The pin according to the user manual is not multiplexed and is "commonly available".
Apparently you are referring to a SoC manual.
Such a statement will only imply that the pin does not have a dedicated application by an integrated peripheral (as shipped by the SoC manufacturer).
That statement is invalidated when the SoC is designed into a circuit and/or installed on a board.
The document that you really need to consult is the board manual or the board schematics.
That should be the accurate documentation as to how the board designer used the available GPIO pins in that specific application.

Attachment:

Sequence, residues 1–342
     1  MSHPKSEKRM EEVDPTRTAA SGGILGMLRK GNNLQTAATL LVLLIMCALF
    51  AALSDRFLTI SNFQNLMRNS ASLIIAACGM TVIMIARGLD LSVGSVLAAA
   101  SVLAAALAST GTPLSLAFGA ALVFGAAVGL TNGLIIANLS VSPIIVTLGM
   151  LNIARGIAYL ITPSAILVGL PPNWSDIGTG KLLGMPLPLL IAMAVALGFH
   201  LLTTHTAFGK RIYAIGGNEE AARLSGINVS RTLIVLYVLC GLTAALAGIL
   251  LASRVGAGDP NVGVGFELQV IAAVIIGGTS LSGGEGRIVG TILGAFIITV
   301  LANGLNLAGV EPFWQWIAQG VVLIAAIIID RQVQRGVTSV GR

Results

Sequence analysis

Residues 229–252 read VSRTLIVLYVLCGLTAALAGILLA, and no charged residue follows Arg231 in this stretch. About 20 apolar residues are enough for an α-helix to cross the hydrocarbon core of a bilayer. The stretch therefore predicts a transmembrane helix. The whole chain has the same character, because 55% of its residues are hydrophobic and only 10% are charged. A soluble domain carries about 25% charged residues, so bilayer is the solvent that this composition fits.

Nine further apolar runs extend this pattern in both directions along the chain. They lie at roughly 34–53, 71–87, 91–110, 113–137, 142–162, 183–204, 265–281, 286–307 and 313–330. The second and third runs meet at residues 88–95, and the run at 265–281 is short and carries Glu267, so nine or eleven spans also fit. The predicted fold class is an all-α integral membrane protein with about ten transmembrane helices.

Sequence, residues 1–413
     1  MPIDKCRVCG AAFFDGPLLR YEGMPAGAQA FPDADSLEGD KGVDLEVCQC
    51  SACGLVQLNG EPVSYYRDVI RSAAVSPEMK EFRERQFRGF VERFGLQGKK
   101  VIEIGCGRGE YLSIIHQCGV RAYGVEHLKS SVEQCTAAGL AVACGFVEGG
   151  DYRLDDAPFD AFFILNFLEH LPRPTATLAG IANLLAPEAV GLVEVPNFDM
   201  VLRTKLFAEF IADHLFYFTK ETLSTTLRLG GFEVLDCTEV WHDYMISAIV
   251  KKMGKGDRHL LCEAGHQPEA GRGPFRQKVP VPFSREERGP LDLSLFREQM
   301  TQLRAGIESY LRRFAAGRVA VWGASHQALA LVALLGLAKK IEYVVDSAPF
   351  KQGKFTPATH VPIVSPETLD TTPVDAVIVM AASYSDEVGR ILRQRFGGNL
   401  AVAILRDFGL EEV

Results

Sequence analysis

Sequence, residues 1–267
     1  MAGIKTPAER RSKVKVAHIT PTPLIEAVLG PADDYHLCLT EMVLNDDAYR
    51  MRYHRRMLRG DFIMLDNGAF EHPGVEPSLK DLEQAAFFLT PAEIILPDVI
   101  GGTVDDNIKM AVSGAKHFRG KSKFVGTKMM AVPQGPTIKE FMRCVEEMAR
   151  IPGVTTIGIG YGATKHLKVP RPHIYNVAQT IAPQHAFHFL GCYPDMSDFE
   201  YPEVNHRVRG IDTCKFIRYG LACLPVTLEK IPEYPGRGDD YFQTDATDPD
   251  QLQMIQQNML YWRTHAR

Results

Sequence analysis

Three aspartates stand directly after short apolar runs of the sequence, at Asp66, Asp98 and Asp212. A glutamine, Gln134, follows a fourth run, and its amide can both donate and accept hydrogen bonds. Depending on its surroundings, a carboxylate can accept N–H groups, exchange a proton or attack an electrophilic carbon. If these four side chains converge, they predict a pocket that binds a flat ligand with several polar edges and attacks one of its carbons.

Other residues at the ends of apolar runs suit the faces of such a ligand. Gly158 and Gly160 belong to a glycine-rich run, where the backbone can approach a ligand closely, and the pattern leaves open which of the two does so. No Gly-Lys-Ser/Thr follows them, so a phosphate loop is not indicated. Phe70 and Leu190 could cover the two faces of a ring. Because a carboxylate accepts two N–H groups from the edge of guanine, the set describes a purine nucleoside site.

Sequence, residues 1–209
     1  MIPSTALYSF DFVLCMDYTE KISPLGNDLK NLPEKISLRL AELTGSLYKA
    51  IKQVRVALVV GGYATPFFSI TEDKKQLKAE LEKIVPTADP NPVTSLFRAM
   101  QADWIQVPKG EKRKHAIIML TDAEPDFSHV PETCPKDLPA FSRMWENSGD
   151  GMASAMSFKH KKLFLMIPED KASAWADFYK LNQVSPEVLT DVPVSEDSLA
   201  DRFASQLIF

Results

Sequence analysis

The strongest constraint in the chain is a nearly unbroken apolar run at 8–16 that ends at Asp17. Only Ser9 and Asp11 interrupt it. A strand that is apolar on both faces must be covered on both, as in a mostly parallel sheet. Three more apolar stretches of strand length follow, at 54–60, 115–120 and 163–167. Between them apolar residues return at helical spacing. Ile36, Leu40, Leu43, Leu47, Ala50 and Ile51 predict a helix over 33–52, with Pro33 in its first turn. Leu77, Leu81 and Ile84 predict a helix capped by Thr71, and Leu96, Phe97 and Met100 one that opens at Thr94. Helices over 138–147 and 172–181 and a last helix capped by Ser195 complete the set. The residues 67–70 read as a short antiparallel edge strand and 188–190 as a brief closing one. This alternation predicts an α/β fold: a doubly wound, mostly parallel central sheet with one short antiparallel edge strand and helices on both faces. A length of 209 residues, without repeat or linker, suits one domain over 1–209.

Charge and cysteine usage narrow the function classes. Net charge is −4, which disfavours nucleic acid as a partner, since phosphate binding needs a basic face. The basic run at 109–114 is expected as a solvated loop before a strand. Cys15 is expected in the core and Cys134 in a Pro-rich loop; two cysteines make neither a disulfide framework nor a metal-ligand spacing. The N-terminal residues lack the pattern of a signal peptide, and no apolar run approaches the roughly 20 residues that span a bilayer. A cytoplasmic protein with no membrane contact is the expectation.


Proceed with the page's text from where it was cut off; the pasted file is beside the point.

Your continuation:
When I try to do so, I getthe error message ...
Fortunately for you, the device driver that does use that pin (that you want to use) has properly performed the GPIO reserve/request call to prevent a hijack.
This prevented that other driver from breaking and/or a device/board malfunction.
As per my knowledge the pin is not being used by any module, but I may be wrong
How did you attain this "knowledge"?
Did you scan the .dts and .dtsi files used for your board?
Did you check the source code of every device driver used by your board?